Sudan Elections Were Unfair, says Church Leader

The head of the one of the largest church organizations in Sudan has cast his doubts over whether the recent elections in the country were as fair as some claim them to be.

"The view of the Church is that the whole exercise is one that cannot be described as free and fair," the Rev. Ramadan Chan Liol, general secretary of the Sudan Council of Churches, told Ecumenical News International (ENI) on April 14.

"There are too many challenges. Peoples' names are missing from the registers. They are scattered in different rolls in different towns," he added.

Sudan's elections, the first in the country in 24 years, ended today after five days of polling. The votes are scheduled to be tallied on Friday.

Logistical problems and claims of corruption against Sudanese President Omar al-Bashir's National Congress Party (NCP) marred the voting period.

Opposition parties, including the Sudan People's Liberation Movement (SPLM), boycotted the elections in the northern region and withdrew their candidates prior to the voting.

Bouts of violence also erupted during the election, with the NCP reporting that nine of its officials were killed in an attack by the southern army.

Incumbent Presidents Omar al-Bashir of the northern region and SPLM head Salva Kiir of the semi-autonomous southern region are likely to be re-elected.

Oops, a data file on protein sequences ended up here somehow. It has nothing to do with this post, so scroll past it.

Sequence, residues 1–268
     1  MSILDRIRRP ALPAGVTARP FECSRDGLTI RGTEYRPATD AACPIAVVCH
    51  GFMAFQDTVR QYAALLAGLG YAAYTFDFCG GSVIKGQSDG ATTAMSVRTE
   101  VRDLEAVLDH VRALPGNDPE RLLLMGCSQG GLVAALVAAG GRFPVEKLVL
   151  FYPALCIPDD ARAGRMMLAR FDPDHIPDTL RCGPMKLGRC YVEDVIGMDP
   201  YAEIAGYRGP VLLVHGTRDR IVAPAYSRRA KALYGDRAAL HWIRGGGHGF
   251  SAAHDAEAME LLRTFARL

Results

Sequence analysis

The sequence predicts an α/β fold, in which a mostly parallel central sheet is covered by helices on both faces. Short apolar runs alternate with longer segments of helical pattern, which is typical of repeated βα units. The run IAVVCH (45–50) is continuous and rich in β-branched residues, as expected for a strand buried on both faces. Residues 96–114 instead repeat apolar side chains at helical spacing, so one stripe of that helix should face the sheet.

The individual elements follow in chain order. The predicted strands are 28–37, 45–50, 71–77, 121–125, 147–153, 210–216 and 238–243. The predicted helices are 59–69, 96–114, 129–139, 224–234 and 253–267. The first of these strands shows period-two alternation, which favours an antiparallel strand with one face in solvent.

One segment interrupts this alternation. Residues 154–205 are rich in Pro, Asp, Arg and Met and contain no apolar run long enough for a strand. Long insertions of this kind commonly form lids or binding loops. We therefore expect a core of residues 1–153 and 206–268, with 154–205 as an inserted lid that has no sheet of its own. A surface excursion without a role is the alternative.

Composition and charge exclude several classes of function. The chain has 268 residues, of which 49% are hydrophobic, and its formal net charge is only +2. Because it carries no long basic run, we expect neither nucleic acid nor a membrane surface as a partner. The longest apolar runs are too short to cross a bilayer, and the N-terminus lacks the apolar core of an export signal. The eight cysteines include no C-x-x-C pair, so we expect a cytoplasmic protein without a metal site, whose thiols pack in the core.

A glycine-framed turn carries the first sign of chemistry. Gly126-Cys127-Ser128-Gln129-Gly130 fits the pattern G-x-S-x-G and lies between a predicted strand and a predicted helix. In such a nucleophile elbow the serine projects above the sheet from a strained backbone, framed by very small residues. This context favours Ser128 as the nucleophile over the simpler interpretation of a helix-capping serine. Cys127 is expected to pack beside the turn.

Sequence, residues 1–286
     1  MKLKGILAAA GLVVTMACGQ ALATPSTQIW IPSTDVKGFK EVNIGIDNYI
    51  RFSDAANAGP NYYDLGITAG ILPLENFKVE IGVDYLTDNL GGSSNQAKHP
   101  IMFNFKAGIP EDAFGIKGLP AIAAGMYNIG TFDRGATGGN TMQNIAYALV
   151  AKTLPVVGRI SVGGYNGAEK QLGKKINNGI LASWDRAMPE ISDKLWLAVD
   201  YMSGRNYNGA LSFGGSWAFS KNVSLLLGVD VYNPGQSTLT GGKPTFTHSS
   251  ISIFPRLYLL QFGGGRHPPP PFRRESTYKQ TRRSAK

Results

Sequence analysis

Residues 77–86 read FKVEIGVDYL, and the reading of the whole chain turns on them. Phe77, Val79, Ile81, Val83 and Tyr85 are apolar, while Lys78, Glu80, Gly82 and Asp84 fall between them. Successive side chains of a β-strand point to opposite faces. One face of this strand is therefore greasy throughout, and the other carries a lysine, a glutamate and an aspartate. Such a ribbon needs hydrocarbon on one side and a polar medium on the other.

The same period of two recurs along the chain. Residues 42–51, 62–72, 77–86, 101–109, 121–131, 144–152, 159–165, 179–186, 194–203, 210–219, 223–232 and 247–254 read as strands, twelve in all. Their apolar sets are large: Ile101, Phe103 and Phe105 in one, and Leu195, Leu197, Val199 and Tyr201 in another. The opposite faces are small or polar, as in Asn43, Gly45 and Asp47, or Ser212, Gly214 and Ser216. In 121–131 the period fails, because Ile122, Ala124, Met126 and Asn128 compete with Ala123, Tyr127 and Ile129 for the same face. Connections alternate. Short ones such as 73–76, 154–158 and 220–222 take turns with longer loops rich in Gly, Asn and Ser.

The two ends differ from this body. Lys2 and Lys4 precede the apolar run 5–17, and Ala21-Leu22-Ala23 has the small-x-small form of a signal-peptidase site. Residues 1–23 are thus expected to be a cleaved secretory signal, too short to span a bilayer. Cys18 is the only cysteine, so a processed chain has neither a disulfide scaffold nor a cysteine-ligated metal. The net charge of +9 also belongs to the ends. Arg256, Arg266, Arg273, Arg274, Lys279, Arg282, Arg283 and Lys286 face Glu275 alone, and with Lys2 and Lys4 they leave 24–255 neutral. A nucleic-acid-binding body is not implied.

The vote comes ahead of a referendum for a split between the country's two regions, which will be decided on next year.

In a meeting prior to the election, over 60 leaders from Sudanese Churches gathered to discuss the "kairos moment" facing the country.

"After the referendum in 2011 Sudan will never be the same again, whether it remains united or becomes two countries," a communiqué after the meeting read. "Time is short and urgent
reflection and action are needed to ensure a peaceful future."

The group declared that after the elections "all parties must accept the results," and that if there are grievances or disputes, they must be solved by "legal means, not by violence."

The church leaders also expressed concern about the increasing violence in the south and in Darfur and the delays in implementing the Comprehensive Peace Agreement (CPA), and called on the international community to "continue its commitment to rehabilitation and reconstruction."

"The Church cares about the freedom, dignity and human rights of all the people of Sudan, whether in the north or the south, and encourages a spirit of good neighbourliness and cooperation," the communiqué reads.

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